Overall, the conference was an especially important moment to act in solidarity with our partners in the labor movement following the Supreme Court’s anti-worker rights decision in Janus v. AFSCME earlier this summer.
One of the many high points at the conference was hearing about the incredible cross-movement work happening at the local level, even in the face of state interference.
Congress's “Workflex in the 21st Century” bill will undermine robust state and local paid sick leave and fair scheduling laws as well as efforts nationwide to ensure that workers can take time off to care for their loved ones.
The way our laws define family sends a signal about who our country sees and values. But these choices are more than symbols—they have powerful practical consequences for real people’s ability to care for those they love.
This report, Recognizing All Families to Expand Our Movements: Insights from the Family Justice Network, shows that change is possible when people organize around the widely-shared value of family.
Despite the narrow decision, this case serves as a keen reminder that we must be vigilant as opponents of LGBTQ equality seek to use religion to discriminate and roll back the rights of LGBTQ people and families.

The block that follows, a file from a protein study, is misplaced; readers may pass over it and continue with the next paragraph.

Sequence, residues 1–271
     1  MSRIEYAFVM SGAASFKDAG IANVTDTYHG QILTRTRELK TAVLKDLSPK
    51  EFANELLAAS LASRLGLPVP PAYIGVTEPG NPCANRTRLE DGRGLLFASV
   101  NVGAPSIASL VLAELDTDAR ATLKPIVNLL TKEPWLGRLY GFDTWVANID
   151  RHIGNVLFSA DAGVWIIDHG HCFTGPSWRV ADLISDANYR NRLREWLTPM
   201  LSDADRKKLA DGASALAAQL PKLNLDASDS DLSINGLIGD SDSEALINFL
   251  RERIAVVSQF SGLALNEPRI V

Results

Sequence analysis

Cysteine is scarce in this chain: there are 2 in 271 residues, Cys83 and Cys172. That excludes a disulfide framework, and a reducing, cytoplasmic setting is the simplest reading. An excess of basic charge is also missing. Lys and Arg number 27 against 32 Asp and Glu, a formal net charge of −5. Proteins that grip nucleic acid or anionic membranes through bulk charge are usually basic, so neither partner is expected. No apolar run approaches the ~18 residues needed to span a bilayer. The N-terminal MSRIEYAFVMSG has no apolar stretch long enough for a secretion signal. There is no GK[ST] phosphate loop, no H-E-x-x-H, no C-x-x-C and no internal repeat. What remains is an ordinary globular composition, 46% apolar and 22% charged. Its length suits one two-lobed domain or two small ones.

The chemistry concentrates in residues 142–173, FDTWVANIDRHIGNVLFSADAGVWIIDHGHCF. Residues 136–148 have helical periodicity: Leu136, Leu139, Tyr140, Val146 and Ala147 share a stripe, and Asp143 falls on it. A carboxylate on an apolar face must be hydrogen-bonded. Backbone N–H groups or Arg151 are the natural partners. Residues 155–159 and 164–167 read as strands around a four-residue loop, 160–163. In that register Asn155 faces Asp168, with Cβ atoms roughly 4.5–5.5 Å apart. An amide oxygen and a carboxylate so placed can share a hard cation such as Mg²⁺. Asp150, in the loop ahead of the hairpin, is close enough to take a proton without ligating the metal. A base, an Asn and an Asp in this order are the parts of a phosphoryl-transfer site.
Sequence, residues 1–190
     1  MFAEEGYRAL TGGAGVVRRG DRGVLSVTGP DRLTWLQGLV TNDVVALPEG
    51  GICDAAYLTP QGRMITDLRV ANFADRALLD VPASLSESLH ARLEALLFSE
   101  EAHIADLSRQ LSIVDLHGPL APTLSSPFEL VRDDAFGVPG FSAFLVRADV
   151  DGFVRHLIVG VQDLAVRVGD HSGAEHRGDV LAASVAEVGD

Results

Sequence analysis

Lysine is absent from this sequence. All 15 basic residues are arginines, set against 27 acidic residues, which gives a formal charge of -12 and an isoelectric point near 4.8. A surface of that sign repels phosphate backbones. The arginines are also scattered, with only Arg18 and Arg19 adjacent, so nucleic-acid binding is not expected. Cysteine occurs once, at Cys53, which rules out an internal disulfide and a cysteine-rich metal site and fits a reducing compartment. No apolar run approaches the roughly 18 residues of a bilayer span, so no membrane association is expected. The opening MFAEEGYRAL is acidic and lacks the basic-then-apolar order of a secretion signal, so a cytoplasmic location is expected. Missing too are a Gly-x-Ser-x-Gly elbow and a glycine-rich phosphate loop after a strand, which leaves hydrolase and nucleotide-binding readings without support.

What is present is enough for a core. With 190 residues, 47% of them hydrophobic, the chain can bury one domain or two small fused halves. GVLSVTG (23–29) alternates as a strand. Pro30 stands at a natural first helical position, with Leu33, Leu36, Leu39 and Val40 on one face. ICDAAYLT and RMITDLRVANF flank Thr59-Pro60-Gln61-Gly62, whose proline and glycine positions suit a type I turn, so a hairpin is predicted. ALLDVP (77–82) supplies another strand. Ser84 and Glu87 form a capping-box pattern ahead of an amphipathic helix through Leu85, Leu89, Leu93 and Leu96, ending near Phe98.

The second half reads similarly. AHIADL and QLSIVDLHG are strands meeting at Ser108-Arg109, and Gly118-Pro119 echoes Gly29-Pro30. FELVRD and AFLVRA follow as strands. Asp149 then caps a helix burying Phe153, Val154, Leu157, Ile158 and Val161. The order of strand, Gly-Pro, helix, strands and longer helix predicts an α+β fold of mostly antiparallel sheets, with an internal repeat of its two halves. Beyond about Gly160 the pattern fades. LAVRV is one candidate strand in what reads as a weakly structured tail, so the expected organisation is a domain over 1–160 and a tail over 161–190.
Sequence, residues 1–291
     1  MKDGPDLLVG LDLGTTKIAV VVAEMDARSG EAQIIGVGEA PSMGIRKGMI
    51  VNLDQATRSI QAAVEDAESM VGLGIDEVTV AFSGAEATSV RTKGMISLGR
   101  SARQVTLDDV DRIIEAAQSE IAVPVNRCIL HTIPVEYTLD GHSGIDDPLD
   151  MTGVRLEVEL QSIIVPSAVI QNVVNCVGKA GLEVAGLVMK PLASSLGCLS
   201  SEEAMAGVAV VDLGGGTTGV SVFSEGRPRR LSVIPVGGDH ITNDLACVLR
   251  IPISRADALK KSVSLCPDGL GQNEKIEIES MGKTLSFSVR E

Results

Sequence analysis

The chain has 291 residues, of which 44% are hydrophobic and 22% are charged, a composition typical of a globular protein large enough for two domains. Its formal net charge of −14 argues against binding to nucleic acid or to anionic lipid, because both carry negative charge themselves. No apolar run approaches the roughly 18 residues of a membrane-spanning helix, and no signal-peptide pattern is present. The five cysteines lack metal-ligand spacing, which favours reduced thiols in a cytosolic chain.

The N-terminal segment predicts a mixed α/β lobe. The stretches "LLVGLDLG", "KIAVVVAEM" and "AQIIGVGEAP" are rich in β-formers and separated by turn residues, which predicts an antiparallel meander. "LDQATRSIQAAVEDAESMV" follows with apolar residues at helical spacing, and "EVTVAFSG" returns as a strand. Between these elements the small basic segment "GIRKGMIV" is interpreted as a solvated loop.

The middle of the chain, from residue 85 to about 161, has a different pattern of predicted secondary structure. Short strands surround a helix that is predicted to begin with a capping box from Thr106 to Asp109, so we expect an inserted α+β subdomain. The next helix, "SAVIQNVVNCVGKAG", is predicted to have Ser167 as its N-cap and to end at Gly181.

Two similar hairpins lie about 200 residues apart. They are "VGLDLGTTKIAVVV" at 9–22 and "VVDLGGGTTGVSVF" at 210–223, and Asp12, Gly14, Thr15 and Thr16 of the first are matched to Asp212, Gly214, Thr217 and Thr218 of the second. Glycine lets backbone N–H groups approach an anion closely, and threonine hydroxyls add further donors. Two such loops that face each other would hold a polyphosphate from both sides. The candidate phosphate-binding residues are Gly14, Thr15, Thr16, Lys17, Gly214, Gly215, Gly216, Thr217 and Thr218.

These license-to-discriminate laws allow businesses to refuse to serve individuals if doing so would be contrary to religious beliefs. While it is unfortunate that states are still working to undermine LGBTQ rights, ABB stands with those who are instead fighting for more inclusive and equitable laws.
Workers can now use their sick time to care for a more diverse range of family members, as well as to address needs arising out of domestic or sexual violence. All workers deserve the right to care for themselves and their families, no matter what their families look like. We’ll keep fighting here in New York and across the country to ensure that right is a reality for all our families.
On March 23, the White House issued a memorandum signaling its intent to move forward with the transgender military ban announced by the Trump administration last year, despite court rulings.
In a major victory for LGBTQ employment rights, the United States Court of Appeals for the Second Circuit ruled yesterday that federal anti-discrimination law protects lesbian, gay, and bisexual employees against workplace discrimination based on their sexual orientation.